But there is more to the story than the farewells. There are letters arriving after their long trips with pictures and birthday cards. There are brave people who aren’t afraid to plunge into unknown worlds. Best of all, there are airplanes bringing sons, daughters and grand-children back home for the first time in eight years. And there is that unspoken feeling that no matter how far people live from each other, there is always something that connects them: the stories which are being passed on to the next generation.

This post is dedicated to my ancestors.

November 02, 2006

Hold that thought.

Austria is a modern country, as can be seen at Graz’s downtown Spar, where you are able to get your groceries without so much as a glance at a cashier. This is made possible by the automated check-out points where you simply scan your items and pay for them by throwing the money in a machine. An innovative step towards hassle-free shopping - or perhaps a sad omen that those brief personal encounters with actual human beings behind the counter will soon be history? Future will tell either way. I myself still couldn’t use the damned things, accidentally scanning my chocolate biscuits three times today, prompting an exasperated shop assistant to grab my shoppings and do the whole thing herself. Duh.

This picture was taken last weekend at the top of the Schöckl-mountain (almost 1500 m) about half an hour from Graz.

Our fridge is the biggest mystery on the planet. It’s about half the size of my old fridge and still, somehow, miraculously, food for six people manages to get squashed inside. I think I am one day going to empty the whole thing and search for hidden niches or even refrigerated corridors. You also need to be very relaxed and in a patient state of mind before attacking the fridge. As an example, when I was getting myself a midnight snack the other day, I had to rummage through countless colorful piles and lop-sided towers of food before I found what I wanted. Mission completed, I tried to close the door shut, but it wouldn’t close, deciding it was time for one of its unnerving guessing games. The guessing games work like this: the fridge keeps you guessing what is going to get stuck between the door once you try to close it shut. That protruding tube of mustard on the inside of the door? No. I get it, one of the lower drawers hasn’t been pushed in properly. Still won’t close. Maybe this container of oh-my-God-I –thought-we-finished-this-last-month! Usually, the answer is right before your eyes.

Once again, a small detail from our home. Full points for the one who spots my cup.

I’ve been visiting Moser almost every other day and making visits to the English Bookstore. The signs couldn’t be more obvious – it’s time to read more fiction. Anna Karenina is not going to be around for very long now, if you know what I’m saying, and I already have my eyes set on future reading prospects. There’s a new novel by Syrian author Rafik Schami – he writes in German and his books are set in Damacus. But first, I’ll probably gobble up Haruki Murakami’s latest book, called Blind Willow and Sleeping Woman (or was it Blind Woman and Sleeping Willow, I can’t remember). I must say that if I could be a fictional character for one day, I would definitely want to turn into somebody from Murakami’s novels. His protagonists are such ordinary and human people it makes reading about their thoughts and lives fascinating, not to mention the absolutely surreal things that happen to them.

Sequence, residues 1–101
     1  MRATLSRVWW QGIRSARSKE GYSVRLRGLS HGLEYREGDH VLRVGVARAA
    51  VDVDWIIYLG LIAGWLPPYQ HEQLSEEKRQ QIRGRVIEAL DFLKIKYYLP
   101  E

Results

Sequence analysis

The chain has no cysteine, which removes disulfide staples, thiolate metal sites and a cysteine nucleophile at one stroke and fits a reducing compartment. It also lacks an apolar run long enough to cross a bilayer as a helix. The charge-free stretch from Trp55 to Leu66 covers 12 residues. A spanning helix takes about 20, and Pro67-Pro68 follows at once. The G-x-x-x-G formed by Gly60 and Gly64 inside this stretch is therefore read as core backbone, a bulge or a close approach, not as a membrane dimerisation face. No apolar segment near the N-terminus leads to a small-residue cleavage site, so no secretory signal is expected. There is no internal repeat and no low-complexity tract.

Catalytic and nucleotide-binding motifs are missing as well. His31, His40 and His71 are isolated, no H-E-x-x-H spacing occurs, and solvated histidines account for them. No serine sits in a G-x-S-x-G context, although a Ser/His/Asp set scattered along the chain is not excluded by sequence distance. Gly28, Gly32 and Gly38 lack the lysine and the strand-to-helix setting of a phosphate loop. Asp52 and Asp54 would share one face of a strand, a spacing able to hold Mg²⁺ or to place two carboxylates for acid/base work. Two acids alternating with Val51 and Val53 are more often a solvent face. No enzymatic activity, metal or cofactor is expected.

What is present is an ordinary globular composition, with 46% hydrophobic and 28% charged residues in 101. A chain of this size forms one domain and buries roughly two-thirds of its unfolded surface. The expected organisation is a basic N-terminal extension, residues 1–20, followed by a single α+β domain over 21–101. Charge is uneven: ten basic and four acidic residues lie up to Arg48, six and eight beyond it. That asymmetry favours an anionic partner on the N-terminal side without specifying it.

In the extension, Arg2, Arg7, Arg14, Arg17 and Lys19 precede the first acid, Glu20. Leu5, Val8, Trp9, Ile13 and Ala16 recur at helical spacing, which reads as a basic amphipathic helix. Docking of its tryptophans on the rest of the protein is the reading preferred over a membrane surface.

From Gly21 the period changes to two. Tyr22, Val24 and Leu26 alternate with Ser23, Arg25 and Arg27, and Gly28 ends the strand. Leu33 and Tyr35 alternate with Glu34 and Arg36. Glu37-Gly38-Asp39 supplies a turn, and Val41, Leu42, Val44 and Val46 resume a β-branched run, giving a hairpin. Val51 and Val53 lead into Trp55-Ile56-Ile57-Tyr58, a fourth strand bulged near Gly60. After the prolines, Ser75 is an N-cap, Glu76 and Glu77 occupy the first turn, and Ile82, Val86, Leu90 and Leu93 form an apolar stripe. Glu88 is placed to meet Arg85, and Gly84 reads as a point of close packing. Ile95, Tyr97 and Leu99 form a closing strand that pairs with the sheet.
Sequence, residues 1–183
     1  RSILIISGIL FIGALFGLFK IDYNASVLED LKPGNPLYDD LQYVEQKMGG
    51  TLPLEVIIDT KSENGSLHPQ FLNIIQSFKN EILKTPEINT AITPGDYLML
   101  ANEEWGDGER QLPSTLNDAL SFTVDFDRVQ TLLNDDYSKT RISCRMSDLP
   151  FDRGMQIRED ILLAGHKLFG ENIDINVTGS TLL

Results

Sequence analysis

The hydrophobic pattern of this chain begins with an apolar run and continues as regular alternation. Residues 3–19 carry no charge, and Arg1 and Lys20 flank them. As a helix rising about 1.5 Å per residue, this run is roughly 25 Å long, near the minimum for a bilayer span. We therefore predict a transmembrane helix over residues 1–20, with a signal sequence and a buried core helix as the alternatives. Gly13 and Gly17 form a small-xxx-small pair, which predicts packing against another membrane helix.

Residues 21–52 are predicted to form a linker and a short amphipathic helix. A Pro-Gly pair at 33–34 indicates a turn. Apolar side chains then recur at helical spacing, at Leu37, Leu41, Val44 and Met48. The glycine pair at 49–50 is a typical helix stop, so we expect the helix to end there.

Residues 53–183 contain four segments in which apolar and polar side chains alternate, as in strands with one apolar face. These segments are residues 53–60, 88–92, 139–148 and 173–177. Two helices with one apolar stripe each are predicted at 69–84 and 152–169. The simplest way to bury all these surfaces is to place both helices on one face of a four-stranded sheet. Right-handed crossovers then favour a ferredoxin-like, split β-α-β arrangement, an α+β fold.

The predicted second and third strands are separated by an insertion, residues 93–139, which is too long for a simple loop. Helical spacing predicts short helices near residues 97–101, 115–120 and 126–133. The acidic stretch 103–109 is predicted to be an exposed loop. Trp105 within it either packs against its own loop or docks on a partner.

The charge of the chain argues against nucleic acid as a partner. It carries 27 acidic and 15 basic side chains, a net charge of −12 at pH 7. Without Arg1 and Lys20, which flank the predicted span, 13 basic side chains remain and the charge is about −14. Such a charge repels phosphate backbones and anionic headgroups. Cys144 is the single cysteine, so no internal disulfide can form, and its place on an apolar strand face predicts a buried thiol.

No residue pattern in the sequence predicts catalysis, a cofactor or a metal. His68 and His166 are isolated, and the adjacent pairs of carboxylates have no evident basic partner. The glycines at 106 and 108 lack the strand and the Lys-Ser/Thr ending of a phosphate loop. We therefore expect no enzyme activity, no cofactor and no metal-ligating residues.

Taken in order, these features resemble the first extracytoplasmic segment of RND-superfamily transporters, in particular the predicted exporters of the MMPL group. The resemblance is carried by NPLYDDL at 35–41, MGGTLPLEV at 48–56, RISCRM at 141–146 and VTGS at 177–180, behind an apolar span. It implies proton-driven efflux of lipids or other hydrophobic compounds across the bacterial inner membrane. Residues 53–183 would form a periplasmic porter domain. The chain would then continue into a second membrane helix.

Another book on my agenda is DBC Pierre’s “Ludmilla’s broken English”. I read his first novel, “Vernon God Little”, a couple of years ago when it won the Booker prize. It was such a whacky and shockingly hilarious/hilariously shocking piece of fiction it made quite an impression on me, and I can’t wait to see whether this second oeuvre of his will be as good. If I understood correctly, it deals with bride websites, illegal immigration and conjoined twins. Pass it on!

One of Graz's main stages, the opera house. I saw Lortzing's opera Zar und Zimmermann there. Especially the scene where the choir rehearses a festive cantata under a hysterical conductor was huge fun. The music was actually composed in a way that the singers kept starting from the wrong key.

I should probably take advantage of my time here in Austria to really get under the skin of the country. How do people really live in this Alpine nation? We all know about the stereotypes, I mean come on, it all begins on entering an Austrian Airlines’ airplane (I mean, full points for Austrian, but have you ever seen such ugly working uniforms). Anyway, so I figured there must be more to this country than having a Schnitzl while the latest record of the Vienna Boys’ Choir plays in the background (what was that horribly tacky movie called where the choirboys are standing on top of a hill, rehearsing a freshly composed tune all reading from the same score, I mean it gives a whole new perspective to the term “prima vista by heart”) , and so I’m considering making a weekend trip to Salzburg to take the “Sound of Music”-tour. From what I’ve found out, it includes a coach trip through the countryside where Julie Andrews kept falling on her backside every time that helicopter swooped over her in the opening scene, and singing along to your favourite things is obligatory.

By the way, I hate Austrian toilets. I really do. Don’t even get me started on them.